I made it to the top of the world

Covered in clots of mud, bleeding, bruised and breathless I grabbed his hand as he helped pull me over the final wall of ice. As we stood side by side, it was almost as if we were looking at the rest of our lives. For five minutes we remained hand in hand, not saying much of anything, yet letting our silent prayers say everything. Like a leaky water balloon, I felt my heart start to use my tear ducts as an overflow. Heavenly Father had painted a picture with a viewing only for us. We were standing on the edge of the world. Everything below us- the trees, the buildings, the city- seemed to speak of the power of God. It was as if he was saying “This is yours. Go and do.”

Want to convince an atheist that God exists? Have them hike the Alexander Basin.

It’s no small miracle that I made it to the top. In case you don’t know, when it comes to physical things I can be a little bit of a baby. I’m no Pillsbury dough girl, but taking a hike with me is about the equivalent of playing a baseball game with Ernie Lombardi. Slow.

Two miles into the hike, the trail disappeared under a thick layer of snow. Beyond the snow was a giant hill…and more snow. Okay, okay. To use the word hill would be underestimating the monstrosity before us. It was a small mountain. If I can be completely honest, my first thought was this:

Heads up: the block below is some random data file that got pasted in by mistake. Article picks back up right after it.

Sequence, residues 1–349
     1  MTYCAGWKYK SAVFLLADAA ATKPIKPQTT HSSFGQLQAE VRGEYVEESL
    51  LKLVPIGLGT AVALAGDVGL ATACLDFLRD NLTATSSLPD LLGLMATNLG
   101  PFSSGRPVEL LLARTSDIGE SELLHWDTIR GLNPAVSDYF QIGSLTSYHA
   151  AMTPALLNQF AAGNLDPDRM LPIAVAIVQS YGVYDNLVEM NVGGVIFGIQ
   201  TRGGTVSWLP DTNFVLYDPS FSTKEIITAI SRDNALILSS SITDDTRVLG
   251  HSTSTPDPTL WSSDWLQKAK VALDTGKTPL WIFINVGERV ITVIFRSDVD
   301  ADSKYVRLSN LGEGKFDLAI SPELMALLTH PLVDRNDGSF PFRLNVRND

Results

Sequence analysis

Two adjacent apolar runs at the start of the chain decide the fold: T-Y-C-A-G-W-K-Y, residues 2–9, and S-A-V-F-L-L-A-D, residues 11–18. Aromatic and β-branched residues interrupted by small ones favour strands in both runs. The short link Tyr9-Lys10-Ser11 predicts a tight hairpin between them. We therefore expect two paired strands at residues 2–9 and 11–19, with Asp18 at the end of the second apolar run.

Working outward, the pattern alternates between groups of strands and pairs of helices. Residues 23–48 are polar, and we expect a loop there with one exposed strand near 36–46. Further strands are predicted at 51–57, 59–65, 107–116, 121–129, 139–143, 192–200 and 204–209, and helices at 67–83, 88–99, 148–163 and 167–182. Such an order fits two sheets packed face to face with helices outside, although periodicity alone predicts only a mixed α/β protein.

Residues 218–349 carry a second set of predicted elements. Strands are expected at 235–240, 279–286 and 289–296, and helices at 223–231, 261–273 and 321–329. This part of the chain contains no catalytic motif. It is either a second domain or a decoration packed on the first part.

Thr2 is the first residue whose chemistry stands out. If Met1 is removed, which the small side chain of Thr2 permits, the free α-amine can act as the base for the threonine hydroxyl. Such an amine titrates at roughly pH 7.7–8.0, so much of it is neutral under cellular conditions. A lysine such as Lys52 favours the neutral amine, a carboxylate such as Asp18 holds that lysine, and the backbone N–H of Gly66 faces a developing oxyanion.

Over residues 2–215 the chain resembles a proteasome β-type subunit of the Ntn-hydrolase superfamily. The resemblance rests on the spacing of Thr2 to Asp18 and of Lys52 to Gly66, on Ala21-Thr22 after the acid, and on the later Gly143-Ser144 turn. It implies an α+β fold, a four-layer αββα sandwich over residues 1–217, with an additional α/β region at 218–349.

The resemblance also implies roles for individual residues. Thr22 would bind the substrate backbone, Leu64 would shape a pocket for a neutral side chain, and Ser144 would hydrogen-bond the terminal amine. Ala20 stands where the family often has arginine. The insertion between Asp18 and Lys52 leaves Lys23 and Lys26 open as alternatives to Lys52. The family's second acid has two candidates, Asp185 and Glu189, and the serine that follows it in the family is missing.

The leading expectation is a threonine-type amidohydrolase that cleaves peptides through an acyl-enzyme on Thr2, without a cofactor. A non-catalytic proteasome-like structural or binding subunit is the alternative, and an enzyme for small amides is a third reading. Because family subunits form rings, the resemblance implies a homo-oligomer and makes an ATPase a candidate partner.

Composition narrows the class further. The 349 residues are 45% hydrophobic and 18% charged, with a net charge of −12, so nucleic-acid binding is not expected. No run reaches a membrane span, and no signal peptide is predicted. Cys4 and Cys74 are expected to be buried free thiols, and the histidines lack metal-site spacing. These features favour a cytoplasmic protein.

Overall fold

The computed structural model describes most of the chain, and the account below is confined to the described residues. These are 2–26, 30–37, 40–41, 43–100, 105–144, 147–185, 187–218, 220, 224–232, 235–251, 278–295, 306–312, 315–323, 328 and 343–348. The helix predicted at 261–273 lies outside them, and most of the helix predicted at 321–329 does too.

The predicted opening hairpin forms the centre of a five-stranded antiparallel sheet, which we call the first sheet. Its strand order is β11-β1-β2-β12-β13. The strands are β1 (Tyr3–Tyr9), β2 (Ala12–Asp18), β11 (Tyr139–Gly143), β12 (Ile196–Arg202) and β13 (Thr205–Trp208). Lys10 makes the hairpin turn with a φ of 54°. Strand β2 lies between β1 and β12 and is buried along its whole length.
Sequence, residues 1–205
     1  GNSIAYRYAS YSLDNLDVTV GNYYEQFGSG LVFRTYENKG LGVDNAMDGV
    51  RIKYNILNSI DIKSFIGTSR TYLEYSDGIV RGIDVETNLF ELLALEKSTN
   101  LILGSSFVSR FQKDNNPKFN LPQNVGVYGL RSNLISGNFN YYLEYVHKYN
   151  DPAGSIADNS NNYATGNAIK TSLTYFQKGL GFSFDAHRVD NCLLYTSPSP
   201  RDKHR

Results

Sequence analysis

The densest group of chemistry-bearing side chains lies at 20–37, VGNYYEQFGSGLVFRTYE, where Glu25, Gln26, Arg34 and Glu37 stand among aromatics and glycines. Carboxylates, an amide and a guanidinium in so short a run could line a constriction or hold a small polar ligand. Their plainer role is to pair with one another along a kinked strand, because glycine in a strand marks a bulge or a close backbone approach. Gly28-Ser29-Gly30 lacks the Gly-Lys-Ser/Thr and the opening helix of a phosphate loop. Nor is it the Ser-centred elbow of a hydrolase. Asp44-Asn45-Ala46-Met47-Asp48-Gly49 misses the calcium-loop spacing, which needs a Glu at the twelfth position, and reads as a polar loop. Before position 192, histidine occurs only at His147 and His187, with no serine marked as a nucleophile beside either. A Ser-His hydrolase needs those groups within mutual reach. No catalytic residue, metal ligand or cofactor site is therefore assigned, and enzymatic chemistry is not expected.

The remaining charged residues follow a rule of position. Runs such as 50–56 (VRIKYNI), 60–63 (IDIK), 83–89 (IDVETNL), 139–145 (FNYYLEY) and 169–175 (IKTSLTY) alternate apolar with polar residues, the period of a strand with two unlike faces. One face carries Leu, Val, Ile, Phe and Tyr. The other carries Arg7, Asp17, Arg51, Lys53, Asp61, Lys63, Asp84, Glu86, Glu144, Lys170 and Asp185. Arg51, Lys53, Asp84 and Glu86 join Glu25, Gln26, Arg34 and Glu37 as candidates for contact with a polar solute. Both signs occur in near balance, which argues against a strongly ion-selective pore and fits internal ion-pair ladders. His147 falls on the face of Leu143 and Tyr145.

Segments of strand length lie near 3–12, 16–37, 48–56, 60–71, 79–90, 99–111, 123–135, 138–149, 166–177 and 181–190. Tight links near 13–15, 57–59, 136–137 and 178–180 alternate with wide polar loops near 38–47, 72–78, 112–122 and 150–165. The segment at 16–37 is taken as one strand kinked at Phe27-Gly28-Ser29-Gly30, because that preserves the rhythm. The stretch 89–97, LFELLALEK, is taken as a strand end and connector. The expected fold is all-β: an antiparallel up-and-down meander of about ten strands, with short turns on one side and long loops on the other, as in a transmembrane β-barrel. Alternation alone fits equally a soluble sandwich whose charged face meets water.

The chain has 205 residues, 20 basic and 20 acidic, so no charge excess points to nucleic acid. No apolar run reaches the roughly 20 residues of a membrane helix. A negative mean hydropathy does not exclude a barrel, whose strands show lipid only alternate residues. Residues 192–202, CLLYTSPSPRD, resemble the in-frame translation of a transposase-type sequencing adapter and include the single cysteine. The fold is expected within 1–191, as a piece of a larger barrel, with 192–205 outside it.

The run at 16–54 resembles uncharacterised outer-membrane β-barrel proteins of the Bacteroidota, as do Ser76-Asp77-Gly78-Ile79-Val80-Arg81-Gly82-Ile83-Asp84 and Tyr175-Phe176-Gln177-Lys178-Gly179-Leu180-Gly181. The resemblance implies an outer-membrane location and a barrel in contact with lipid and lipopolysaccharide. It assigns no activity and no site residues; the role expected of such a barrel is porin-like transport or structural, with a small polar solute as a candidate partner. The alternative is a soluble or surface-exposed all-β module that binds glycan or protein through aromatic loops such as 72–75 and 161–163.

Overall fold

“That’s a nice sight. Glad I don’t have to climb it.”

Feel free to use your imagination to envision us on this mountain.  

There was no way in this life or the next that I was going to climb a mile up a giant ice covered hill without a trail. In his wisdom, Rhett knew that I wasn’t just going to tackle the hill all at once. He led me up the hill a little at a time, without me realizing that I was actually climbing the sheer side of a mountain. Every 20 yards of so I would pant and ask for a break. It took every ounce of personal stamina to claw my way, sometimes on my hands and knees, through the mud and snow. After a half mile of hill, I didn’t think my body would take another step. Sensing my frustration, Rhett offered me his wrist. I think he dragged me half way up the mountain. He must have had a better sense at what was at the top (as per usual) than I did.

If we had gone by my limited vision, I would have missed one of the most breathtaking moments of my life.

When I stand on my knees, bruised, broken and disheveled, Heavenly Father sends those stronger than me to drag me up mountains. More often than not it’s kicking and screaming (I’m working on it), but somehow I always make it. Someday when I lie at the feet of my Heavenly Father I’ll have a little dirt under my fingernails. I’ll be scratched, scarred and sweaty. Yet, I live for the moment when I finally reach that peak, when he can say, “Well done, my child,” and take me into his arms.

I am blessed.

(oh, and Rhett only lost his phone one time during our five hour escapade. Success.)

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